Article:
In a widely circulated talk, the mathematician Richard Hamming suggested that researchers should ask themselves what are the most important problems in their field, and, as a follow-up question, why they are not working on them [see Hamming, You and Your Research, and for an interesting response, Graham, Good and Bad Procrastination]. Historians seem comfortable enough asking about the significance of a particular piece of current work—most directly with some form of the "so what?" question—but we seem less willing (or perhaps able) to enter into discussions about the relative importance of current approaches or schools. Perhaps it is the historiographic tradition: with the benefit of hindsight we can all agree on the importance of the Annales school. For more recent approaches, like big history, most historians seem to be taking a wait-and-see approach.
Now I have to admit that I have reservations about big history, some of which I've spelled out in a forthcoming article in the journal Rethinking History. Setting those reservations aside, however, I think that the project that the big historians are attempting is an important one. They are trying to put the past, from the Big Bang to the present day, into a single, coherent narrative. Such an ambitious project is bound to fail in some ways, of course, but the failures promise to be interesting and informative. What more could we want? We know that the next generation will revise our interpretations ... let's give them something that is worth revising. [For an introduction to big history, see David Christian's wonderfully readable Maps of Time.]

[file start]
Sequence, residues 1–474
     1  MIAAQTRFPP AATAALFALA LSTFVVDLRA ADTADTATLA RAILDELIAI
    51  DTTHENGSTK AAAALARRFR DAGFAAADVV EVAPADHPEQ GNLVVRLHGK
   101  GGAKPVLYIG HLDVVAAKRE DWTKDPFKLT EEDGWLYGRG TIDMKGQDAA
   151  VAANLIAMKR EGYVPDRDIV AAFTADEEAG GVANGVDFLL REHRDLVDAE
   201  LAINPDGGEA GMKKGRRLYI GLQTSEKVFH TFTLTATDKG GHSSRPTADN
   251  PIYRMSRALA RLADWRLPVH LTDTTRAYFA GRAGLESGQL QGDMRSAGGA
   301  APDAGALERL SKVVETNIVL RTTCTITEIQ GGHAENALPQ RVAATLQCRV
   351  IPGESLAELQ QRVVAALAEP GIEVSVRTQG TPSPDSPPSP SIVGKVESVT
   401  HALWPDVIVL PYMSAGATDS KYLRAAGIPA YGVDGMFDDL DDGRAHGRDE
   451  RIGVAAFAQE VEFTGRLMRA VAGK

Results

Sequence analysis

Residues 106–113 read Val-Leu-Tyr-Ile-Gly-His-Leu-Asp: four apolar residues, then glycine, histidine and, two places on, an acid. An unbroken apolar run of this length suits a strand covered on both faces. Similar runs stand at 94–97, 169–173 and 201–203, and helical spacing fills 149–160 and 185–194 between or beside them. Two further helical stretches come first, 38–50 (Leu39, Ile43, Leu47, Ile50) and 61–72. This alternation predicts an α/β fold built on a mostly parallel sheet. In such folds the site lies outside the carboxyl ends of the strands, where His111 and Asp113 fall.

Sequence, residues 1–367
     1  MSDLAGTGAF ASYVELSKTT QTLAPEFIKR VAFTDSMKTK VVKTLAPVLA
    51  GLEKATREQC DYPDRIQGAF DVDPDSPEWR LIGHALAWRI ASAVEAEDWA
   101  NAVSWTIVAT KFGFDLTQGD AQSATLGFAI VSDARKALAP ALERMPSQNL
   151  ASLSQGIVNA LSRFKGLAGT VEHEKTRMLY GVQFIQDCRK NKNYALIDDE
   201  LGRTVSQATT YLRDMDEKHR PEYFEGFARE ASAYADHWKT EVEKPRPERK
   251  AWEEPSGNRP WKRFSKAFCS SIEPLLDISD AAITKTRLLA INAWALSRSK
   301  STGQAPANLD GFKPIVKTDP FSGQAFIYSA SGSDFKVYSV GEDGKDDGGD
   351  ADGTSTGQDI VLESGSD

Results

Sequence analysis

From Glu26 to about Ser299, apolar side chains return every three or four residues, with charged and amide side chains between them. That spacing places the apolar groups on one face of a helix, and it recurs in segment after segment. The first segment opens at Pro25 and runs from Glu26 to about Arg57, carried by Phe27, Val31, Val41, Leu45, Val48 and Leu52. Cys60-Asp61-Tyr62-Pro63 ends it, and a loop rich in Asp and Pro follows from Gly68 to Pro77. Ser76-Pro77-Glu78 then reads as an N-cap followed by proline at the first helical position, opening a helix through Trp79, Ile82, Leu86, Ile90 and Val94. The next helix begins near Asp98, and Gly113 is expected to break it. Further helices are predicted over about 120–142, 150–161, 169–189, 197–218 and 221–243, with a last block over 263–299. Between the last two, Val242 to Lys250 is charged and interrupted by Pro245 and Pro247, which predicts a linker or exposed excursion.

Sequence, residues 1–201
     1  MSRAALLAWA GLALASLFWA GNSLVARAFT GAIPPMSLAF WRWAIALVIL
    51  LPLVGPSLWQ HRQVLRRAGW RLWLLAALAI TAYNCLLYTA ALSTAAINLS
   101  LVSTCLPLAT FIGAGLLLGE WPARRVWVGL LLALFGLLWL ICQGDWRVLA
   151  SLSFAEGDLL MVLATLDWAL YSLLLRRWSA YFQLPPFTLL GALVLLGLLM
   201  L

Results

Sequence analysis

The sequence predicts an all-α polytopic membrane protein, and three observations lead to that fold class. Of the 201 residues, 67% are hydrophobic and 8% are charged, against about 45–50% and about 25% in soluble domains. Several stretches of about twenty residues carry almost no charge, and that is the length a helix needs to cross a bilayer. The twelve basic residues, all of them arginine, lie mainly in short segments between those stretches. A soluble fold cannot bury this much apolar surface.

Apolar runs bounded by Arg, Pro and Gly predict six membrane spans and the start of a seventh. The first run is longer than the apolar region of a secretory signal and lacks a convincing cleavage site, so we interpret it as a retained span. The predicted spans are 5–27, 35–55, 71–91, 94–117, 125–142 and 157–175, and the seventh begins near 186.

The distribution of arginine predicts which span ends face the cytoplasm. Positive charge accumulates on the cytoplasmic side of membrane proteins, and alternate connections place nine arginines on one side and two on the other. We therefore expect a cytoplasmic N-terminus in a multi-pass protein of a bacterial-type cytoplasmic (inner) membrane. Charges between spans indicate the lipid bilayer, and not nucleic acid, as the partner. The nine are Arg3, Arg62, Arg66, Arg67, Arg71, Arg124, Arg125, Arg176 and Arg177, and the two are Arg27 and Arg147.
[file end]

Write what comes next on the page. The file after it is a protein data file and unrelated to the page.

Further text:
It probably won't come as much of a surprise that I think that the questions raised by digital history are some of the most important that we face. The explosion of printed material after the fifteenth century fundamentally changed scholarship, making it much easier to compare different editions of the same text, making it possible to read extensively as well as intensively, and creating the conditions for widespread literacy [see, for example, the essays in The Renaissance Computer]. We are currently in the midst of another such transformation, one that will give us nearly instantaneous access to the contents of the world's great libraries and archives, will radically democratize knowledge production, and will force us to think of machines as part of our audience.
So does this mean that we have to throw out everything we hold dear? Of course not. There's still no substitute for being able to read closely and critically; as Timothy Burke put it a few months ago in Easily Distracted, "interpretation is the antibody" against viral marketing and other kinds of spin and propaganda. Given the low average quality of online information and the read/write nature of the web, we need the work of archivists, librarians and curators more than ever.
We also need some new skills. We need to be able to digitize and digitally archive existing sources; to create useful metadata; to find and interpret sources that were "born digital"; to expose repositories through APIs; to write programs that search, spider, scrape and mine; to create bots, agents and mechanical turks that interact seamlessly with one another and with human analysts.
I've noticed that many people, otherwise very erudite, feel comfortable coming up to me and saying, "I'm a luddite," like it was something to be proud of. So how well did that turn out the first time? Don't we study history, in part, so we don't have to repeat it? [See Thompson's Making of the English Working Class for more on the Luddites.]
Tags: digital history